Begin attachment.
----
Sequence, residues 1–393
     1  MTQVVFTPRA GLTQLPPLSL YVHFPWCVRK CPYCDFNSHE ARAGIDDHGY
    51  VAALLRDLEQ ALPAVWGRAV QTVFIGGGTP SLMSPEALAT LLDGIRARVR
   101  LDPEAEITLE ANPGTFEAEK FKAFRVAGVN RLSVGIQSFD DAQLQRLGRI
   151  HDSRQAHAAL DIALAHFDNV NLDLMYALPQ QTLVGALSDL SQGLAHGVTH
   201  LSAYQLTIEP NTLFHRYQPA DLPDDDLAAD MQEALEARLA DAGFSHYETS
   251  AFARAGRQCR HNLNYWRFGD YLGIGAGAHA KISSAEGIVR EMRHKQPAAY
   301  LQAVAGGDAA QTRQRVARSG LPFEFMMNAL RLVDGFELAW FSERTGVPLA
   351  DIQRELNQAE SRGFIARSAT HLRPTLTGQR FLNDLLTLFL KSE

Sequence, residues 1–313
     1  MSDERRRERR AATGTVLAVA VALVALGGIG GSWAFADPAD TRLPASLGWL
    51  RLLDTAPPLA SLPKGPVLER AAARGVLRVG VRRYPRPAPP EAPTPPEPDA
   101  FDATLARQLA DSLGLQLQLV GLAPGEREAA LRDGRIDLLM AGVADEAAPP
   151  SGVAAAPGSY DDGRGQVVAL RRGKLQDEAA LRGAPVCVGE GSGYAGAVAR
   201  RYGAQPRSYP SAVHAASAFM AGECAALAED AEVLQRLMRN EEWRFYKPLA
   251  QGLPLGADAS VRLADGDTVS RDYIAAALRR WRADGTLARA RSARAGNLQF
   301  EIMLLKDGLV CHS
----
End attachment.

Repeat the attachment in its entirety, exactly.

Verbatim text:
Sequence, residues 1–393
     1  MTQVVFTPRA GLTQLPPLSL YVHFPWCVRK CPYCDFNSHE ARAGIDDHGY
    51  VAALLRDLEQ ALPAVWGRAV QTVFIGGGTP SLMSPEALAT LLDGIRARVR
   101  LDPEAEITLE ANPGTFEAEK FKAFRVAGVN RLSVGIQSFD DAQLQRLGRI
   151  HDSRQAHAAL DIALAHFDNV NLDLMYALPQ QTLVGALSDL SQGLAHGVTH
   201  LSAYQLTIEP NTLFHRYQPA DLPDDDLAAD MQEALEARLA DAGFSHYETS
   251  AFARAGRQCR HNLNYWRFGD YLGIGAGAHA KISSAEGIVR EMRHKQPAAY
   301  LQAVAGGDAA QTRQRVARSG LPFEFMMNAL RLVDGFELAW FSERTGVPLA
   351  DIQRELNQAE SRGFIARSAT HLRPTLTGQR FLNDLLTLFL KSE

Sequence, residues 1–313
     1  MSDERRRERR AATGTVLAVA VALVALGGIG GSWAFADPAD TRLPASLGWL
    51  RLLDTAPPLA SLPKGPVLER AAARGVLRVG VRRYPRPAPP EAPTPPEPDA
   101  FDATLARQLA DSLGLQLQLV GLAPGEREAA LRDGRIDLLM AGVADEAAPP
   151  SGVAAAPGSY DDGRGQVVAL RRGKLQDEAA LRGAPVCVGE GSGYAGAVAR
   201  RYGAQPRSYP SAVHAASAFM AGECAALAED AEVLQRLMRN EEWRFYKPLA
   251  QGLPLGADAS VRLADGDTVS RDYIAAALRR WRADGTLARA RSARAGNLQF
   301  EIMLLKDGLV CHS